9 Top Sailboats for 2013
The 2013 Boat of the Year awards represent a wide spectrum of winning designs. Meet this year's nine winners! Boat of the Year from our January 2013 issue.
Import Boat of the Year, and Best Full-Size Cruiser Over 50 feet
Beneteau Sense 55
+ Conceptually, interior space with compartments for machinery and systems aft and living quarters forward neatly defines the Sense layout and philosophy.
+ An optional aft arch with dedicated spots for solar-panel and wind-generator installations provides a nifty arrangement for onboard power management.
+ Traditional mainsail with full battens and a nonoverlapping headsail that is easily tacked and jibed provide stellar sailing performance.
When the boat of the year judges stepped aboard this flagship in Beneteau’s Sense range, they also stepped away from some of their preconceived notions about what constitutes a state-of-the-art contemporary cruising boat. But once they divested themselves of such hard and fast thinking, they came to truly appreciate the fresh ideas in this Berret-Racoupeau design. After that, they were converts, which they proved by making the Sense 55 the year’s Best Full-Size Cruiser Over 50 Feet, as well as 2013’s Import Boat of the Year.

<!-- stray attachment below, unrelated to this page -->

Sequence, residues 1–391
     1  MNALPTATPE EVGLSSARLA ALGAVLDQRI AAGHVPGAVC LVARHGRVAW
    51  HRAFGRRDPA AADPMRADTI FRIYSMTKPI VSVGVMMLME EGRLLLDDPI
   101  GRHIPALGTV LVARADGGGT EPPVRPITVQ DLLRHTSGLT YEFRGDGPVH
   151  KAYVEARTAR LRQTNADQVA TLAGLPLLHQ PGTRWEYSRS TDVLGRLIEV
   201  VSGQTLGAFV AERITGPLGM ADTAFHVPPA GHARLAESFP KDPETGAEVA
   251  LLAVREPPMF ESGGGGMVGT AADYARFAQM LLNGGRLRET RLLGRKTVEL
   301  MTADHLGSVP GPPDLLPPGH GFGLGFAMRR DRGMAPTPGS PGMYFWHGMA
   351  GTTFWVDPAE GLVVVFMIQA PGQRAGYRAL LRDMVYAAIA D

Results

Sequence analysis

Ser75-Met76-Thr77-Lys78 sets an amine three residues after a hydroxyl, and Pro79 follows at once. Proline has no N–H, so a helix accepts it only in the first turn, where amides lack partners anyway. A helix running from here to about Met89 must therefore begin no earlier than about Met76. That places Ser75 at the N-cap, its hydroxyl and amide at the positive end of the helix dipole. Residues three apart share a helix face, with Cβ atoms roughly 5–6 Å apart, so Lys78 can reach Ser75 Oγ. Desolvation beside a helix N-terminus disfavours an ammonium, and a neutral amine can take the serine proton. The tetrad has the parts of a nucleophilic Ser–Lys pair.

Tim Murphy led the charge. “In the way they’ve laid out this boat, I really feel they’re onto something new,” he said. “And I don’t mean new for the sake of novelty or as a gimmick, but this 55-footer represents, embodies, and invites a different kind of living aboard a boat. It’s not traditional, but you have three great cabins that aren’t even really cabins ... they’re really nice little apartments. I just found this whole approach to be very successful.”
Ed Sherman found other features alluring. “The optional aft arch with solar panels and dual wind generators was very cool,” he said.
“It was a nice arrangement, very well done. It has a significant amount of charging capacity, which really enhanced it in terms of offshore passagemaking capability. That was pretty neat; I liked it a lot.”
“This boat is a break from tradition,” concluded Alvah Simon. “You sort of need to get over our attachment to the spit-and-polish British view of sailing, as opposed to the French adventurer. It’s definitely new. Get used to it.”